His Scottish Bride by Shelly Thacker

 

Glenshiel, Scotland, December 1296

My Dear Sir Wicked,

I know ’tis bold of me to write and wish you a happy Yuletide, but I trust that I will be forgiven. I am certain you must be busy with your military obligations at home in France, so please dinna feel that you must reply to my missive.

My family, indeed the entire MacLennan clan, has returned to Castle Glenshiel to celebrate the Yule season. Lord Darach is always so generous with his hospitality. Being here again, I canna help thinking of you.

I remember the autumn day when we met at the wedding of Lord Darach and your sister, Lady Laurien. And I remember the morning in June when we parted for the last time. Even though we knew one another but a few months, Henri, the memories are still sweet.

As I write this, I can hear everyone celebrating in the great hall below. They are a boisterous and merry bunch, my kin, the men raising toasts and laughing, the ladies and children dancing to the music of the Highland pipes. I will return to the festivities anon, but for the moment, I am happier here. I wonder if you can guess where I am.

I am sitting in the library, beneath the stained-glass window with the image of two doves…I think you may remember the spot? The new tower is finished now, and the setting sun looks like pale gold sparkling through the glass. The light makes the very air glow with color, bright blues and emerald greens and soft amber. I feel warm just being here, remembering that summer day when we said farewell and you called me your sweet lass.

Your sister tells me that you are soon to ride into battle, fighting for the French king. I pray that God will watch over you, Henri. Please stay safe. You are so daring that I think you may need a few extra guardian angels to watch over you. The poor creatures may be divine, but they must have the very devil of a time trying to keep up with you.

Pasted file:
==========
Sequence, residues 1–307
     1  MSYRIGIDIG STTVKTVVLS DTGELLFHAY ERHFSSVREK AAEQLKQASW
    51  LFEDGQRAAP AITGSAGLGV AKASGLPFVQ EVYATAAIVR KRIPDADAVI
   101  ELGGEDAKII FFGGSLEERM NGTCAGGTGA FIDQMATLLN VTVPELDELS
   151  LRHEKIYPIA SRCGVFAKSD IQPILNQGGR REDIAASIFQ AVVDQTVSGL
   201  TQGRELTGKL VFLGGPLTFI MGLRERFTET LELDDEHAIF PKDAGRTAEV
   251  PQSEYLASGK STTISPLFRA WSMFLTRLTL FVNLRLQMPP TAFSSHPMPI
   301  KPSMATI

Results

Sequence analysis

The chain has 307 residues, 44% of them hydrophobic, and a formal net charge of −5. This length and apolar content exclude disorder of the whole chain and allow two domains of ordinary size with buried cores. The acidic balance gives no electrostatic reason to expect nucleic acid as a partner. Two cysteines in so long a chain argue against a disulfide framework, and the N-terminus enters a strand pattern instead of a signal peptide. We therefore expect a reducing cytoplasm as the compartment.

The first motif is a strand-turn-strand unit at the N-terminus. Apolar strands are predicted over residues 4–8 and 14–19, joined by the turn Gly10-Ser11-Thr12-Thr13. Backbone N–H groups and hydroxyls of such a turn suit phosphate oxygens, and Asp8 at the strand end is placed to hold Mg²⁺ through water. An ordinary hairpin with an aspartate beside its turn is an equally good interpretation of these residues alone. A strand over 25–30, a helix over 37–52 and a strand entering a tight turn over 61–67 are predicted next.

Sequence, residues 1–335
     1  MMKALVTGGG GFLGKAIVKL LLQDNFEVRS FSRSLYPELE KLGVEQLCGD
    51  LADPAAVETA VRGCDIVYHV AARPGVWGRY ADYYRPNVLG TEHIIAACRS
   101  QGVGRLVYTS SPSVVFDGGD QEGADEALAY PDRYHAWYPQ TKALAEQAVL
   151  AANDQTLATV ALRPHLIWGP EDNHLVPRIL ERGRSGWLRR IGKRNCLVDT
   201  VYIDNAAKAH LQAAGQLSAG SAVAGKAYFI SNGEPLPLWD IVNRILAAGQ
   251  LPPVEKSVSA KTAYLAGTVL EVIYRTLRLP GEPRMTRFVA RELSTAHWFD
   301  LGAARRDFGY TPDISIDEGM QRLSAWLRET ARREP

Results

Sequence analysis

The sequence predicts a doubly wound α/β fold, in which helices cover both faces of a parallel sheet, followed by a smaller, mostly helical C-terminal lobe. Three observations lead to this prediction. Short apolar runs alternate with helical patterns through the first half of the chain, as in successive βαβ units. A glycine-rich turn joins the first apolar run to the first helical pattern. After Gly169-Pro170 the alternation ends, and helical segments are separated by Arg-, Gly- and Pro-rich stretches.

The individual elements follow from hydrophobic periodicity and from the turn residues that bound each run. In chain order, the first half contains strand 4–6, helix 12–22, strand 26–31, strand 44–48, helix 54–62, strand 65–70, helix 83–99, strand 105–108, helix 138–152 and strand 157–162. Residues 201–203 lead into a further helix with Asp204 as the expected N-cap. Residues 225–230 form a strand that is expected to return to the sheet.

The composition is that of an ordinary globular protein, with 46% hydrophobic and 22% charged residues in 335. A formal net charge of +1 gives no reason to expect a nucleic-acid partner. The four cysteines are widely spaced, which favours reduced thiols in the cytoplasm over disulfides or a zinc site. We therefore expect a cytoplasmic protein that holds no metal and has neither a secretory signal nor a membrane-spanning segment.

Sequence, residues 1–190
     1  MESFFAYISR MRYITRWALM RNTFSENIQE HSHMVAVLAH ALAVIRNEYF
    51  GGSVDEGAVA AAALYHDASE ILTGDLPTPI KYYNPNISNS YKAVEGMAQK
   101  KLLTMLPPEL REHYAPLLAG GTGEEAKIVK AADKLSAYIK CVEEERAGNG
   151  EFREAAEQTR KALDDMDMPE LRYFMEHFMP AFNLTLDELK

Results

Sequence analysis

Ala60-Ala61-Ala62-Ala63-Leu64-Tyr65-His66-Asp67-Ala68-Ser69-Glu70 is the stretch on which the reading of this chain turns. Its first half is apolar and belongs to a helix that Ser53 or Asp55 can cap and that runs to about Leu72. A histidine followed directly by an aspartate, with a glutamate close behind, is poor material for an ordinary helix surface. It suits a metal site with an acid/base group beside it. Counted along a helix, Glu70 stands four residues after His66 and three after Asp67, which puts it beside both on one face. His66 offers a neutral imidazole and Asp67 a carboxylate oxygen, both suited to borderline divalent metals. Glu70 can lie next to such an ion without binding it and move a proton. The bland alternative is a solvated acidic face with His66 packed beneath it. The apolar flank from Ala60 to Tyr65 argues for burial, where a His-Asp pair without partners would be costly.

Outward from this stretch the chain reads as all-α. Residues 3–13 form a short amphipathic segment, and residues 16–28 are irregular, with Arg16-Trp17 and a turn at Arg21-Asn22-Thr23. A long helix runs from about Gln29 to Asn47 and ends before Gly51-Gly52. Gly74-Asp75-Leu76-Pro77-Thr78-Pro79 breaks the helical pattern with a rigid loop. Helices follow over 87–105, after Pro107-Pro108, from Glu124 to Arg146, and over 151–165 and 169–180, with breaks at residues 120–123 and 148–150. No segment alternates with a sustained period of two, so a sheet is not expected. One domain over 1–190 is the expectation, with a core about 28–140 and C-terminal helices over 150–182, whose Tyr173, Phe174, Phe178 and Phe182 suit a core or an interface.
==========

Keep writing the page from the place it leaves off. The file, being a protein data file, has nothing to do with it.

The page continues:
Your daring, if you recall, was one of the reasons why I dubbed you Sir Wicked. That and certain pursuits you enjoy with such enthusiasm. Now you have made me blush, and you are not even here. ’Twas a proper dubbing, done with a branch of a Scottish rowan tree, which is considered sacred, so the name is binding for life.

I hope ’twill be a long life, Henri. If it helps during the days to come, count me among your angels. Consider me your faraway Scottish angel in the Highlands, thinking of you often and praying for you.

I also hope ’twill be all right if I continue to write to you, mayhap simply about my days at home on the Isle of Mull, and all the mischief my nieces and nephews get up to. Truly, you should not feel obligated to reply.

I dinna know if ’twill ever be possible, but if the angels smile upon us, I do hope to see you again someday.

Ever Your Sweet Lass,

Aileen